How many degrees of freedom do we need to train deep networks: a loss landscape perspective

07/13/2021 ∙ by Brett W. Larsen, et al. ∙ Stanford University 0

A variety of recent works, spanning pruning, lottery tickets, and training within random subspaces, have shown that deep neural networks can be trained using far fewer degrees of freedom than the total number of parameters. We explain this phenomenon by first examining the success probability of hitting a training loss sub-level set when training within a random subspace of a given training dimensionality. We find a sharp phase transition in the success probability from 0 to 1 as the training dimension surpasses a threshold. This threshold training dimension increases as the desired final loss decreases, but decreases as the initial loss decreases. We then theoretically explain the origin of this phase transition, and its dependence on initialization and final desired loss, in terms of precise properties of the high dimensional geometry of the loss landscape. In particular, we show via Gordon's escape theorem, that the training dimension plus the Gaussian width of the desired loss sub-level set, projected onto a unit sphere surrounding the initialization, must exceed the total number of parameters for the success probability to be large. In several architectures and datasets, we measure the threshold training dimension as a function of initialization and demonstrate that it is a small fraction of the total number of parameters, thereby implying, by our theory, that successful training with so few dimensions is possible precisely because the Gaussian width of low loss sub-level sets is very large. Moreover, this threshold training dimension provides a strong null model for assessing the efficacy of more sophisticated ways to reduce training degrees of freedom, including lottery tickets as well a more optimal method we introduce: lottery subspaces.

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1 Introduction

How many parameters are needed to train a neural network to a specified accuracy? Recent work on two fronts indicates that the answer for a given architecture and dataset pair is often much smaller than the total number of parameters used in modern large-scale neural networks. The first is successfully identifying lottery tickets or sparse trainable subnetworks through iterative training and pruning cycles frankle2018Lottery. Such methods utilize information from training to identify lower-dimensional parameter spaces which can optimize to a similar accuracy as the full model. The second is the observation that constrained training within a random, low-dimension affine subspace, is often successful at reaching a high desired train and test accuracy on a variety of tasks, provided that the training dimension of the subspace is above an empirically-observed threshold training dimension li2018intrinsicdimension. These results, however, leave open the question of why low-dimensional training is so successful and whether we can give a theoretical explanation for the existence of a threshold training dimension for a given model and task.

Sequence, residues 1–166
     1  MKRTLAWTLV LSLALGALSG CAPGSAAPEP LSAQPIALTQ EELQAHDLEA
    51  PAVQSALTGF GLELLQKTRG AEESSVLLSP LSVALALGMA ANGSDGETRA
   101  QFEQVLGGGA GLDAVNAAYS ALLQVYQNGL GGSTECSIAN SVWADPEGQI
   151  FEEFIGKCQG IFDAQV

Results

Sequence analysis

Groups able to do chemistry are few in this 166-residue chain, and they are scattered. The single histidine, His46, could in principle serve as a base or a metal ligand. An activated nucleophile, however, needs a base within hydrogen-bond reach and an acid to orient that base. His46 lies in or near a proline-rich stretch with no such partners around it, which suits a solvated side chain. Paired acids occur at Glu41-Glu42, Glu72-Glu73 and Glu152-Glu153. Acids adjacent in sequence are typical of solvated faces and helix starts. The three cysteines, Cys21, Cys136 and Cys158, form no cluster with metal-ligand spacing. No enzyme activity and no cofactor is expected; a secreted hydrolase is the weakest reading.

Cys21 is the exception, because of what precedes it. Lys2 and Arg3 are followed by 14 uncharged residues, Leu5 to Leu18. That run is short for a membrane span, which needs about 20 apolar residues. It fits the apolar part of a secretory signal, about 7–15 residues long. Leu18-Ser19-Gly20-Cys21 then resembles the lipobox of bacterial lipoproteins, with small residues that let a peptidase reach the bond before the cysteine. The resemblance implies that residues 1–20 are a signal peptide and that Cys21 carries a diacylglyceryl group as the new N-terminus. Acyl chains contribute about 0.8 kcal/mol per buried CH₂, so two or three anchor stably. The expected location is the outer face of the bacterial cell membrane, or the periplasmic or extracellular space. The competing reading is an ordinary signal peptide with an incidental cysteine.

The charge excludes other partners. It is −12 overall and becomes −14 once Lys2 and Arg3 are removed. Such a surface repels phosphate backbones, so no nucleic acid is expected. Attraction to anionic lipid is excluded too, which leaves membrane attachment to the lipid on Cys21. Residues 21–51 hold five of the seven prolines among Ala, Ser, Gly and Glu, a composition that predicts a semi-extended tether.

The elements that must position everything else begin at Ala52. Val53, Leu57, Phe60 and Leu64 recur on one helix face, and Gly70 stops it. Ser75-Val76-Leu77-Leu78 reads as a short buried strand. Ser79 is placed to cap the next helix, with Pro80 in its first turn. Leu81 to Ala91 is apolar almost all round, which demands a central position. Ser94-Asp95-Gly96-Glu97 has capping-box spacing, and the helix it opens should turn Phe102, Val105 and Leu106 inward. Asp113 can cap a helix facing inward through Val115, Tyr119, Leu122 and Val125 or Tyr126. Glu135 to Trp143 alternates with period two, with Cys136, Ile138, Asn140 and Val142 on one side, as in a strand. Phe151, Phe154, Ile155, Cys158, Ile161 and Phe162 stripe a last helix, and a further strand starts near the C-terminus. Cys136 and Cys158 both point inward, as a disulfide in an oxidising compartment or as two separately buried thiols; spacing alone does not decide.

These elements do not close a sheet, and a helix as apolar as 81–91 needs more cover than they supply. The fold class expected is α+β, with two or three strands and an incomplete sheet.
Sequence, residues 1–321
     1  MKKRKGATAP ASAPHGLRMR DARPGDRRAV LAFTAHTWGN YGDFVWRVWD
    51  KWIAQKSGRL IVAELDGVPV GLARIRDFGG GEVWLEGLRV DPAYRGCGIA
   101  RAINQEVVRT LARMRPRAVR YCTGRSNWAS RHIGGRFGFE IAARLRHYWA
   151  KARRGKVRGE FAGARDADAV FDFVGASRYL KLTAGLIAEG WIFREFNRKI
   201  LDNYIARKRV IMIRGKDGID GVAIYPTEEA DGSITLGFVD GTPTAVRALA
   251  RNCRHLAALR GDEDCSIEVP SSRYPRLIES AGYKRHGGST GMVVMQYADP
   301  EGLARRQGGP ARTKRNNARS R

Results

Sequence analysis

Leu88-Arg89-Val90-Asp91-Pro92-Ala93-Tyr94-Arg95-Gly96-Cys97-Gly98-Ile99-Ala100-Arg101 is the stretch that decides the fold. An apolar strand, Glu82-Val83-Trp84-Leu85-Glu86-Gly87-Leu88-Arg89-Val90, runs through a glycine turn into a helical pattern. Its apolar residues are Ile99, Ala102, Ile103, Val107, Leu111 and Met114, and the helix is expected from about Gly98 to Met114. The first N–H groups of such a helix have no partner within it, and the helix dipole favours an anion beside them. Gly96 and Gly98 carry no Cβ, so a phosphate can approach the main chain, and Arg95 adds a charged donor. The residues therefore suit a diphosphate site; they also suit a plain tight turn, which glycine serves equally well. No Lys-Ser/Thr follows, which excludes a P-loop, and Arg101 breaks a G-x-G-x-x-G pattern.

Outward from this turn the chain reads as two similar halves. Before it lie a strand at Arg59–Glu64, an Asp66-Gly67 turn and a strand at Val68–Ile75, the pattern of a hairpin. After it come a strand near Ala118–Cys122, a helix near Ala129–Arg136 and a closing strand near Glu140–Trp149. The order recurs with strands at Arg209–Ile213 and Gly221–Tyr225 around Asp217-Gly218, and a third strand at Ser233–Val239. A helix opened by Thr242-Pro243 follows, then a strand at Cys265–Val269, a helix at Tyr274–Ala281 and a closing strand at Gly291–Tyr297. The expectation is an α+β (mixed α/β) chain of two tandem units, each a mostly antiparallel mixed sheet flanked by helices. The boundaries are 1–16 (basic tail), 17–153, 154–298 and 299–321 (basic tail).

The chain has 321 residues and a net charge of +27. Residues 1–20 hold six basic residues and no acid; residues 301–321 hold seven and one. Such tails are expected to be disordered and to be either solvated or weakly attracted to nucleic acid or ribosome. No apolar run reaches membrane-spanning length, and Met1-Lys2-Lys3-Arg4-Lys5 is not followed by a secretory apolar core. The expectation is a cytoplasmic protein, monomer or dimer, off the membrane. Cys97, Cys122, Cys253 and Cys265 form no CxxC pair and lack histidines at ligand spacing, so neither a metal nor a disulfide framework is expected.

In this work, we provide such an explanation in terms of the high-dimensional geometry of the loss landscape, the initialization, and the desired loss. In particular, we leverage a powerful tool from high-dimensional probability theory, namely Gordon’s escape theorem, to show that this threshold training dimension is equal to the dimension of the full parameter space minus the Gaussian width of the desired loss sublevel set projected onto the unit sphere around initialization. This theory can then be applied in several ways to enhance our understanding of the loss landscape of neural networks. For a quadratic well or second-order approximation around a local minimum, we derive this threshold training dimension analytically in terms of the Hessian spectrum and the distance of the initialization from the minimum. For general models, this relationship can be used in reverse to measure important high dimensional properties of loss landscape geometry. For example, by performing a tomographic exploration of the loss landscape, i.e. training within random subspaces of varying training dimension, we uncover a phase transition in the success probability of hitting a given loss sub-level set. The threshold-training dimension is then the phase boundary in this transition, and our theory explains the dependence of the phase boundary on the desired loss sub-level set and the initialization, in terms of the Gaussian width of the loss sub-level set projected onto a sphere surrounding the initialization.

Figure 1: An illustration of finding a point in the intersection between affine subspaces and low-loss sublevel set. We use three types of subspaces: 1) random affine subspaces (blue) containing the initialization, 2) burn-in affine subspaces (red) containing a pre-trained point on the optimization trajectory, and 3) lottery subspaces (purple) whose span is defined by the steps of a full optimization trajectory.

Motivated by lottery tickets, we furthermore consider training not only within random dimensions, but also within optimized subspaces using information from training in the full space. Lottery tickets can be viewed as constructing an optimized, axis-aligned subspaces of parameters, i.e. where each subspace dimension corresponds to a single parameter. What would constitute an analogous optimized choice for general subspaces? We propose two new methods: burn-in subspaces which optimize the offset of the subspace by taking a few steps along a training trajectory and lottery subspaces determined by the span of gradients along a full training trajectory (Fig. 1). Burn-in subspaces in particular can be viewed as lowering the threshold training dimension by moving closer to the desired loss sublevel set. For all three methods, we empirically explore the threshold training dimension across a range of datasets and architectures.